The students glance over their shoulders nervously. I remind them that what they’ve gleaned from the Learner Protocol is all I’m going to share with them. What they do and say in the simulation is entirely up to them. Then, I instruct them to enter the rooms and have a seat.
“Our partnership in the financial ethics SIM was wonderfully collaborative. It was a great opportunity for interns to navigate a challenging scenario with a standardized, but realistic, individual.”
Once they are seated, I run around the corner, to the “actor’s side” of the facility. There, Sean and Ginny are huddled with the actors, offering last-minute reminders. Sean has cameras turned on in each of the three simulation rooms, and Ginny gives actors the cue. They knock on their room doors simultaneously, step in, and you can hear early snippets of the interactions between each student and their standardized EWM colleague.
About 12 minutes later, the three students emerge, clearly relieved. Their shoulders have relaxed, and they’re breathing easier. Each promises me they won’t share the challenges of the situation with their other peers—who are waiting in the NYSIM classroom—until they too have a chance to experience the simulation for themselves.
Over the next hour, all nine students engage in this same process of logging-in, interacting with the actors, and double-checking their video data. As we wrap-up late on a Friday afternoon, I remind them of their homework: watch your simulation video and choose segments to share with your peers.
There, the Magic Happens
The next morning, I meet Dave Major, the point-person for SU’s Fisher Center. Dave gives me a quick tour of this SU facility, describing for me the cohorts of students who regularly use this space while studying in NYC. As we talk, the Whitman students arrive.
Over the next 90 minutes, I guide a review of yesterday’s simulation, a whole group debrief that centers the students and their data. One-by-one, they come to the front of the room and tell me what segment they want to show. Logging in to SimCapture, I access the respective video, locate the time stamp, and get out of the way.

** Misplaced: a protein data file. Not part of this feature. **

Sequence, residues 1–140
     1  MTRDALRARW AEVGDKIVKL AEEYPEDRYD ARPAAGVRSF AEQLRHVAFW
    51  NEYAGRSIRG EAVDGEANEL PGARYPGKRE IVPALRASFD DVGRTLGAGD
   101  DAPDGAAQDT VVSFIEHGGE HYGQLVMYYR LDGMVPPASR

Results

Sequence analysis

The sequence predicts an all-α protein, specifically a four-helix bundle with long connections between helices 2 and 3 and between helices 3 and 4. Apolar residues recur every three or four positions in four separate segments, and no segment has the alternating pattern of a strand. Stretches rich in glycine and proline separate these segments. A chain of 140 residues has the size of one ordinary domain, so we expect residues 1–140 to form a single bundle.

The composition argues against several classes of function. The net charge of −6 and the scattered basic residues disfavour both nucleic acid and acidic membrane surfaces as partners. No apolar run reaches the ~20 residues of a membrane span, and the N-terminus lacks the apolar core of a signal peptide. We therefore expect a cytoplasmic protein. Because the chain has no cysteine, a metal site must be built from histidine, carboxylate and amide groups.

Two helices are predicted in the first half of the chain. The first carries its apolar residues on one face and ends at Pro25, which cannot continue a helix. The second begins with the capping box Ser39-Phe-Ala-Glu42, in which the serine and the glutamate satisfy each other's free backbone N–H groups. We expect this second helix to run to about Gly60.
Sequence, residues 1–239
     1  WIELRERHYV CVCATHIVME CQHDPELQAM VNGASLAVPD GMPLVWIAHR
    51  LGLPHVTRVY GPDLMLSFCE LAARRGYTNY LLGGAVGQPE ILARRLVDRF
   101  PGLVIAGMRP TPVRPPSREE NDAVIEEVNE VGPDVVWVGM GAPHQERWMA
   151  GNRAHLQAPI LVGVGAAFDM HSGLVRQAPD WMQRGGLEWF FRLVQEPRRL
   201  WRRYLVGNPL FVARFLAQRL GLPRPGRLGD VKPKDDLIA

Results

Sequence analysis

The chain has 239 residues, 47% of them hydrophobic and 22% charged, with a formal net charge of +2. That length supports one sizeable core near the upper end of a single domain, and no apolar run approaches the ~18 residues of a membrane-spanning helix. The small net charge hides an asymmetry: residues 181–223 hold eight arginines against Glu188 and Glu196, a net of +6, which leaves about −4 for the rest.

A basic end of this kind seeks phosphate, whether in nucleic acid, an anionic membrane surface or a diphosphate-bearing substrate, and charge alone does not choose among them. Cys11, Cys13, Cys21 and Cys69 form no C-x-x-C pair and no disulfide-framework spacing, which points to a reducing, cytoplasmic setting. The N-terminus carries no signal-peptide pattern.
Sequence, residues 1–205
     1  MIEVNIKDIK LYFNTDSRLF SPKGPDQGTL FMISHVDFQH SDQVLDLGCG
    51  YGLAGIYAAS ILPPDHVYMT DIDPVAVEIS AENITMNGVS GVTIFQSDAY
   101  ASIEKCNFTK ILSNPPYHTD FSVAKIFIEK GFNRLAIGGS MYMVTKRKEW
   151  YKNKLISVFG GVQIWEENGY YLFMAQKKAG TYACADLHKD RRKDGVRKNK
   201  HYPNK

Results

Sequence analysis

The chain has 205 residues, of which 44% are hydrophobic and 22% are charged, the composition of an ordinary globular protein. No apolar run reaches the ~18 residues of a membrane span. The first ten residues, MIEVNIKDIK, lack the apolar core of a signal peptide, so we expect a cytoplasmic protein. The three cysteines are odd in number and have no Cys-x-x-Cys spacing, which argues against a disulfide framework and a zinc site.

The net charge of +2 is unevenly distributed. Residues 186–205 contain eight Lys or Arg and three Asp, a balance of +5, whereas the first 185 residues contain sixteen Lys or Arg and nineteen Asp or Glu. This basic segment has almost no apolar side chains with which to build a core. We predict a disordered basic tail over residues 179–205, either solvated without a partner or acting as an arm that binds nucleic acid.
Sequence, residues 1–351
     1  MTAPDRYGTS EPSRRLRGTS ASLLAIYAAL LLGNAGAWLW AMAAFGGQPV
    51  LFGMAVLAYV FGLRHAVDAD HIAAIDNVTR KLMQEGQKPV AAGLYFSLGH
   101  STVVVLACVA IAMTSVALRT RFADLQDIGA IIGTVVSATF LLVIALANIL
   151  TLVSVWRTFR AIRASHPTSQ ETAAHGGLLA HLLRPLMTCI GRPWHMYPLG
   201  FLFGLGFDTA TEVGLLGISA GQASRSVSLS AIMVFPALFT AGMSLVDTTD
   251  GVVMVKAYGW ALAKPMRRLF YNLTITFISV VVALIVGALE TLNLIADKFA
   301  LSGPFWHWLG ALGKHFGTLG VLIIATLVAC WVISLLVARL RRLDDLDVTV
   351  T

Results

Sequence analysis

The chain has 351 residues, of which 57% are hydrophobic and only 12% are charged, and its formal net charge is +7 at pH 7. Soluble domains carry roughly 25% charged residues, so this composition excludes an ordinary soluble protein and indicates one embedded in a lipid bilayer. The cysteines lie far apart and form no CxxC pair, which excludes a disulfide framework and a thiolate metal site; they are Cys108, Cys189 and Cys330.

From there, the magic happens. Each student is in charge of their own data, and they start talking about what they heard in the simulation, how they responded, what decisions they made, and what challenges emerged in the moment. Standing to the side, I know their peers are paying close attention, because every couple of minutes one will exclaim, “Oh, I had that same actor!” or, “Wait, what did she just ask you?!”
During the remainder of the morning, we review many excerpts and ultimately center on the decision-making and professional communication learning objectives that Erin and I had mapped out months ago. As we talked, performance patterns emerge across the nine students’ excerpts. As these patterns emerge, so do students’ questions to each other. I caught myself smiling when I heard one student ask another, “So, I have a question for you guys. When my actor said that, I responded differently. So, why did you make that decision?”
Centering Student Voice
Questions such as this—from one student to another—represent one of the objectives of the process. In a way the actual simulation is not the key; instead, it is the student-centered meaning-making that happens in group debriefs. This is my favorite form of instruction. It is teaching that centers student voice, student data, and most importantly, teaching that fosters student-to-student dialogue.
A bit later, I wrap-up the whole-group debrief with a whole-hearted “thank you” to the Whitman School students for engaging in the simulation and debriefing. Walking the few blocks to Penn Station to catch the train back to Syracuse, I reflect on how easy this learning experience was to design and implement. Utilizing 17 years’ experience with simulations in the School of Education, the input of Whitman School alumnae, and the expertise of NYSIM, Erin, Sean, Ginny, and I were able to bridge this teaching concept to yet another SU cohort.
On the train journey back, as I type up these notes, I’m reflect on how grateful I am to my new NYSIM colleagues—for their knowledge, hospitality, and their positive words about our collaboration:
“Our partnership in the financial ethics SIM was wonderfully collaborative. It was a great opportunity for interns to navigate a challenging scenario with a standardized, but realistic, individual,” said Ginny (Virginia Drda, NYSIM SP Program Educator, Recruitment and Training). “It highlighted how effective simulation is for learning in any field—whether it be medicine, education, business, or indeed any with a human element.”
“It was a pleasure working with Syracuse University on this financial business ethics simulation,” said Sean (Sean Overstreet, NYSIM Senior Simulations Operations Associate). “Seeing our actors go from normally simulating patients to overly confident Wall Street employees was awe-inspiring! This great experience shows that the possibilities are endless with clinical simulations.”